Hosts can now report their home sharing income when applying for refinancing
Short-term rental-by-owner service Airbnb got a major win for its hosts on Thursday — but also dealt with the fallout from a serious and unusual blow in Detroit.
First the good news: people who list their homes on Airbnb will now be able to report their rental earnings as income when they apply to refinance their homes via Fannie Mae, Quicken Loans, Citizens Bank and Better Mortgage. In the past, lenders haven’t recognized money coming in through Airbnb as income on mortgage applications.
“For the first time, hosts in the U.S. will be able to work with participating lenders to recognize Airbnb home sharing income from their primary residence as part of their mortgage refinancing application,” Airbnb said in a blog post.
This only applies to home refinancing, not to first-time mortgage applicants. Airbnb didn’t answer questions about the reasoning behind this.
Airbnb will provide hosts with an “Airbnb Proof of Income” form when they apply via these lenders.
“We are very excited to be collaborating with the leader in home-sharing and tech-driven property rentals. Airbnb and Quicken Loans are firmly aligned to drive innovation in the real estate industry to dramatically improve and simplify client experience, as well as saving homeowners time and money,” QuickenLoans CEO Jay Farner said in a statement.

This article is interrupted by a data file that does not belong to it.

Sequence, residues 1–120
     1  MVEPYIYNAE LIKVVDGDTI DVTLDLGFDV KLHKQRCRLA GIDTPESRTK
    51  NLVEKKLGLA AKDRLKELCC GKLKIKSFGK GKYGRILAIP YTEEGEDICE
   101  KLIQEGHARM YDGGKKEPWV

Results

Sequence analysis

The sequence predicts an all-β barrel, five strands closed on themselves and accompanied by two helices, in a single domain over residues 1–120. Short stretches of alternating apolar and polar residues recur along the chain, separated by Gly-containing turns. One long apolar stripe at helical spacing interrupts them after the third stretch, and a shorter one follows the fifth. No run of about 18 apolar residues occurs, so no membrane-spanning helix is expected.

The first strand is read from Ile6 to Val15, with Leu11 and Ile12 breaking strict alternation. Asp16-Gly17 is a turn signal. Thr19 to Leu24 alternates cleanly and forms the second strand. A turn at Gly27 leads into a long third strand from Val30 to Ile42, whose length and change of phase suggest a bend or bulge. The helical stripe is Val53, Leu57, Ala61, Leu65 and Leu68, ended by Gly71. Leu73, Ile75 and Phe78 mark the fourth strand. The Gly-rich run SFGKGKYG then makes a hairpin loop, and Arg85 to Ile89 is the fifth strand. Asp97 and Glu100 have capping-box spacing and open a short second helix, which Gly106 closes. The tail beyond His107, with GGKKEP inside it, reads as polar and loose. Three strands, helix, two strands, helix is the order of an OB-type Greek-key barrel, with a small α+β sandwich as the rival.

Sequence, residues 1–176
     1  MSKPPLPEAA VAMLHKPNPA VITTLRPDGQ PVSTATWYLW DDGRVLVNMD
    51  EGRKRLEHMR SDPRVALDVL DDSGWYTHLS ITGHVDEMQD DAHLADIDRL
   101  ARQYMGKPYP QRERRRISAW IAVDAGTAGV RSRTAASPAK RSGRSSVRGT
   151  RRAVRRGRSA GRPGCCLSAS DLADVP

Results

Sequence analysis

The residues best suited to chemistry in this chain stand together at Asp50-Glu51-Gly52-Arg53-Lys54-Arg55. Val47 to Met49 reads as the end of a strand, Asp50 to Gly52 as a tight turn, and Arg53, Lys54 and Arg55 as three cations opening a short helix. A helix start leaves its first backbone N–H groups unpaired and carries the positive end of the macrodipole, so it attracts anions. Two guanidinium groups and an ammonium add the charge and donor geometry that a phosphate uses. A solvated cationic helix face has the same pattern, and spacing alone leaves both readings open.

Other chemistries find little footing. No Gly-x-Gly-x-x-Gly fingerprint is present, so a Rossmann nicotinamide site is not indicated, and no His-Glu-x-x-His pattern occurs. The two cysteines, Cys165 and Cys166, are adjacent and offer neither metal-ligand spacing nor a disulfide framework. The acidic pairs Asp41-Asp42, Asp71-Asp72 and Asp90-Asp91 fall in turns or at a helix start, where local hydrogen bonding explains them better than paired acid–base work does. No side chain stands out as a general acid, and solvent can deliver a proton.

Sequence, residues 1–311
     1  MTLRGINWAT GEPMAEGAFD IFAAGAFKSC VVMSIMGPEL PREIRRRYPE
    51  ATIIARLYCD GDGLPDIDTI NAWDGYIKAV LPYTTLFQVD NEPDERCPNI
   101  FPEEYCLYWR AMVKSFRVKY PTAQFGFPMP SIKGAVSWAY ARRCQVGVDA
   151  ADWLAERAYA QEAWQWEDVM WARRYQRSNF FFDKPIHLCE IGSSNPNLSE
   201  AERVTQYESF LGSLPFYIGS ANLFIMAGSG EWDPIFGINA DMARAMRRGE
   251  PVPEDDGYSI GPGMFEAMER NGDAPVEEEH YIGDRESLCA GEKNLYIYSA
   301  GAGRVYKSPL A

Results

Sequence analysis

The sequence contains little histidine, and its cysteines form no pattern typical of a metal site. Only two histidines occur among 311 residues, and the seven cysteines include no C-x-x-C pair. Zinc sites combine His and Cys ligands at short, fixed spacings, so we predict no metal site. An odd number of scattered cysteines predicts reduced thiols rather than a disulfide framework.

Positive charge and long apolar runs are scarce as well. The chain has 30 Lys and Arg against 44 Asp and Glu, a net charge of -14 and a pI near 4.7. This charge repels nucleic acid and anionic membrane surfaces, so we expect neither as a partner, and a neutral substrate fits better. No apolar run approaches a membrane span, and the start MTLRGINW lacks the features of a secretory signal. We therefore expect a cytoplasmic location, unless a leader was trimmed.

At the same time, Airbnb faced a setback in Detroit. A zoning rule that was passed in 2017 went into effect this week, Curbed reported, barring many residents from listing their homes on Airbnb.
But unlike other cities where legislation banning short-term rentals has gone up for a vote after months of animosity, this regulation took effect without any public debate or intense opposition against Airbnb.
The rule came from Detroit’s Zoning Board, not through a city council ordinance. The city council seems to have approved the zoning rule as a formality without much attention paid to its effects.
Compared to a city like New York, where politicians and the hotel industry have come hard at Airbnb, criticizing its effects on the housing market and quality of life for residents, Detroit has been outright welcoming to the short-term rental platform.
Detroit’s mayor appeared in an Airbnb promotional video, citing the platform’s benefits for residents who live in Detroit’s historic, large houses.
Residents started receiving cease and desist letters in the past few weeks before the rule took effect. One letter posted by Curbed specifically warns a resident to “discontinue use as an Airbnb” — not just as a short-term rental.
The regulation bans paid overnight guests in R1 and R2 zoning districts in the city — districts zoned by Detroit as a single-family residential district and two-family residential district, respectively. That’s where many Airbnb listings in the city are. Denser areas made up of apartment buildings aren’t affected.
“We’re very disappointed by this turn of events. Airbnb has served as an economic engine for middle-class Detroiters, many of whom rely on the supplemental income to stay in their homes. We hope that the city listens to our host community and permits home sharing in these residential zones,” Airbnb said in a statement.
Article image credited to Open Grid Scheduler / Grid Engine / flickr / CC0 1.0 Universal (CC0 1.0)